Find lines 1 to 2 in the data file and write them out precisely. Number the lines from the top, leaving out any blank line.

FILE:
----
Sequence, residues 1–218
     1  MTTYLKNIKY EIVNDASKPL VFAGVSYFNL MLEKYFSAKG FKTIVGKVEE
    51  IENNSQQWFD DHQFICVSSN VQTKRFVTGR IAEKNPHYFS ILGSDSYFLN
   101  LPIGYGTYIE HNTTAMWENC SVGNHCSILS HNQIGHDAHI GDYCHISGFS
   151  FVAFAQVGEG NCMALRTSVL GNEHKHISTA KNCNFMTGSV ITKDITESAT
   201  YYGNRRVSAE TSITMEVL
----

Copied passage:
Sequence, residues 1–218
     1  MTTYLKNIKY EIVNDASKPL VFAGVSYFNL MLEKYFSAKG FKTIVGKVEE